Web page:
Manchester Arena explosion
A teddy bear laid at a candlelit vigil, a stark reminder of the high number of young children among those dead and wounded following the explosion at the Manchester Arena concert. Jeff J Mitchell/Getty Images

Thousands have gathered at a vigil in Albert Square, Manchester, to pay their respects to the victims of the 22 May suicide bombing, which claimed the lives of 22 people, including eight-year-old Saffie Rose Roussos.

Mancunians of every creed and colour swept into the city centre to create a united front against the actions of 22-year-old Salman Abedi, the man Manchester Police say was responsible for the blast.

Whether it was to pay their respects or to show their defiance following the attack, the city saw people gathering in solidarity. In one corner the Manchester Sikh Community handed out free drinks to "help the city at a time when things are bad," BBC reports.

A woman, describing the atmosphere at the vigil said: "Love over hate, that's the message

The city mourns for the dead as people shed tears at the vigil where floral tributes were laid for the victims

Manchester Arena explosion vigil
A woman is consoled as she looks at the floral tributes following an evening vigil outside the Town Hall on 23 May in Manchester. Photo by Leon Neal/Getty Images
Manchester bombing vigil
People from Manchester Sikh Community carry 'I love MCR' banners as they arrive to attend a vigil in Albert Square in Manchester, in solidarity with those killed and injured in the May 22 terror attack at the Ariana Grande concert at the Manchester Arena. BEN STANSALL/AFP/Getty Images

Members of the public also laid flowers at the candle lit vigil to honour the victims at Albert Square.

Manchester Arena explosion
A member of the public lays flowers at a candlelit vigil, to honour the victims of Monday evening's terror attack, at Albert Square on May 23, 2017 in Manchester. Jeff J Mitchell/Getty Images
Manchester bombing vigil
Members of the public gather to attend a candlelit vigil to honour the victims of Monday evening's terror attack Jeff J Mitchell/Getty Images
Manchester bombing vigil
Members of the public gather to attend a candlelit vigil to honour the victims of Monday evening's terror attack Jeff J Mitchell/Getty Images
Manchester Arena explosion vigil
Candles lit at Albert Square in memory of the victims of Monday's evening's terror attack. Jeff J Mitchell/Getty Images
Manchester Arena explosion vigil
Members of the public looking on at the tributes at the candlelit vigil at Albert Square in Manchester to honour the victims of Monday evening's terror attack. Jeff J Mitchell/Getty Images

The Town Hall bells chimed six when a full five minutes of silence was observed before Lord Mayor Eddy Newman started to speak.

Newman, said: "The people of Manchester will remember the victims forever and we will defy the terrorists by working together to create cohesive, diverse communities that are stronger together. We are the many, they are the few."

The Bishop of Manchester, the Rt Rev David Walker described the city's belief in diversity and unity and that those who would seek to destroy such things were "the very few, but we are the many, we are Manchester."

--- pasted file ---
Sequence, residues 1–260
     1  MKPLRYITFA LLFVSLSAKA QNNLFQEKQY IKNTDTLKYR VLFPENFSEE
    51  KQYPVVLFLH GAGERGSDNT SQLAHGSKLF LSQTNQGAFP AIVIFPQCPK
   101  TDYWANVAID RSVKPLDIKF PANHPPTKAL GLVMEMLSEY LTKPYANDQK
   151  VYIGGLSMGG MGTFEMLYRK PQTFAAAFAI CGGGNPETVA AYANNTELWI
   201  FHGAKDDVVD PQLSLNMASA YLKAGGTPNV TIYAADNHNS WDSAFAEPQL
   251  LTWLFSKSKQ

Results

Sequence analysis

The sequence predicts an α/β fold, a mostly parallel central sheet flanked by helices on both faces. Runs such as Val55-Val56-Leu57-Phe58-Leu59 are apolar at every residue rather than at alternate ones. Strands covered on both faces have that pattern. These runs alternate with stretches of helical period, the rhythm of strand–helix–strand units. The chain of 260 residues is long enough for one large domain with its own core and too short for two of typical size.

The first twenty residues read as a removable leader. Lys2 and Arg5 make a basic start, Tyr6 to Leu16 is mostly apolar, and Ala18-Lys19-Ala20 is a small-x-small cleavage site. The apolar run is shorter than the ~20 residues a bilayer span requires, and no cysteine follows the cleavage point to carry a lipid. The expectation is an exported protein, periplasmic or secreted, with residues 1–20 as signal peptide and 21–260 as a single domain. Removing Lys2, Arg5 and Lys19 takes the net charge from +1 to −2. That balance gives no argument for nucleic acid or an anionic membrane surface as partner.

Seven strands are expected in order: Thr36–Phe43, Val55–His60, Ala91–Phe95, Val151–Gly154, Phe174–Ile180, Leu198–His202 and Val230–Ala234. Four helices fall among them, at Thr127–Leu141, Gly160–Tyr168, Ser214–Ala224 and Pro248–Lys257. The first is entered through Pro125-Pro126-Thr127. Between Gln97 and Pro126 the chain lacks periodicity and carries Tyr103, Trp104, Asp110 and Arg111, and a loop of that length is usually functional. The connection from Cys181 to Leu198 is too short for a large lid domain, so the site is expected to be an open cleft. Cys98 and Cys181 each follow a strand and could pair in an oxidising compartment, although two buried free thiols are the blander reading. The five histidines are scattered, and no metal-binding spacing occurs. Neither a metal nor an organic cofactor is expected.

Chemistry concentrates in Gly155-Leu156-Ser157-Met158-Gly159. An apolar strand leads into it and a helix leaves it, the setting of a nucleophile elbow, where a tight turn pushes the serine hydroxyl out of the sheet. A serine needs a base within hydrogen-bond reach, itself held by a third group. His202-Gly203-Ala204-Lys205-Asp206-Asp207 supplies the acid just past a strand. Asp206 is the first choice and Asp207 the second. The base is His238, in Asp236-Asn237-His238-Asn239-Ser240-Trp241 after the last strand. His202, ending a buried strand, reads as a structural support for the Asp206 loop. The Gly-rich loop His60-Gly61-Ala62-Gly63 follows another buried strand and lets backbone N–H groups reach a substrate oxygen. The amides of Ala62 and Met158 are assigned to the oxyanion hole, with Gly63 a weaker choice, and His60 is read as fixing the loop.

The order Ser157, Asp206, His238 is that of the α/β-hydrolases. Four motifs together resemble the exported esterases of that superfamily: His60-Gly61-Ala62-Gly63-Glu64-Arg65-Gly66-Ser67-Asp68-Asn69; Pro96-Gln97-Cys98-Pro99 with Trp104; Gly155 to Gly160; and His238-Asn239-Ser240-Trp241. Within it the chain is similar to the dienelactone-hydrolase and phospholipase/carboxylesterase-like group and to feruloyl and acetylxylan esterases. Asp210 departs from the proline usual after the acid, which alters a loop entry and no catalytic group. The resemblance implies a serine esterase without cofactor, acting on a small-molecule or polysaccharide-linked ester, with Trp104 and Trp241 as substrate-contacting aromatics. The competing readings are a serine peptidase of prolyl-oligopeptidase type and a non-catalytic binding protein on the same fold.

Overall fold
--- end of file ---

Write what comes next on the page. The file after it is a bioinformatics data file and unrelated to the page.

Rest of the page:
Poet Tony Walsh read his ode to Manchester: This is The Place, which was received with cheers from the crowd.

Manchester bombing vigil
People hold 'I love MCR' banners as they arrive to attend a vigil in Albert Square in Manchester, BEN STANSALL/AFP/Getty Images
Manchester bombing vigil George Galloway
George Galloway attends a vigil to honour the victims of Monday evening's terror attack
Manchester bombing vigil
People congregate outside the Town Hall for a vigil in Albert Square in Manchester, northwest England on May 23, 2017, in solidarity with those killed an injured in the May 22 terror attack at the Ariana Grande concert at the Manchester Arena BEN STANSALL/AFP/Getty Images

The sporting world also paid respect to the victims of the terror attack in Manchester. The Ajax players and staff took part in a minute silence ahead of the UEFA Europa League Final that will take place between Ajax and Manchester United at the Friends Arena on 23 May in Stockholm.

Ajax manager Peter Bosz has said that the terror attack has taken the shine off the Europa League final. "The feeling that prevails is the final does not have the glow it should have. It should be a football feast but because of the events in Manchester we are all affected, particularly as we are playing Manchester. It is horrible. My sympathies are heartfelt."

Manchester Arena explosion vigil
The Ajax players and staff take part in a minutes silence in memroy of the victims of the Manchester Concert attack ahead of the UEFA Europa League Final UEFA handout via Getty Images

Separately, West Midlands police said a 39-year-old Birmingham man was arrested on suspicion of possession of an offensive weapon. The man is believed to have a history of mental ill health and is said to be known to police.

Supt Andy Parsons said: "Officers spotted the man acting suspiciously and spoke to him. At this point they have arrested him."

He added: "The man was carrying a bag, and as a precaution, Victoria Square where the vigil was being held, was cleared for around 15 minutes. A small axe was recovered along with a large stick."